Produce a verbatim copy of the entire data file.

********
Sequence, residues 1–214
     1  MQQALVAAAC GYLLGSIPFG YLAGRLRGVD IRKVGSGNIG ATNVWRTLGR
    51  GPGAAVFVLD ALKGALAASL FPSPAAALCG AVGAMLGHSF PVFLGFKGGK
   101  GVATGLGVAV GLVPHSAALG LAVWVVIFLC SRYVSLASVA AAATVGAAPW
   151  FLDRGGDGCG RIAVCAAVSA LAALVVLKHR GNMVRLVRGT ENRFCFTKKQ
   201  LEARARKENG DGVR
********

Sequence, residues 1–214
     1  MQQALVAAAC GYLLGSIPFG YLAGRLRGVD IRKVGSGNIG ATNVWRTLGR
    51  GPGAAVFVLD ALKGALAASL FPSPAAALCG AVGAMLGHSF PVFLGFKGGK
   101  GVATGLGVAV GLVPHSAALG LAVWVVIFLC SRYVSLASVA AAATVGAAPW
   151  FLDRGGDGCG RIAVCAAVSA LAALVVLKHR GNMVRLVRGT ENRFCFTKKQ
   201  LEARARKENG DGVR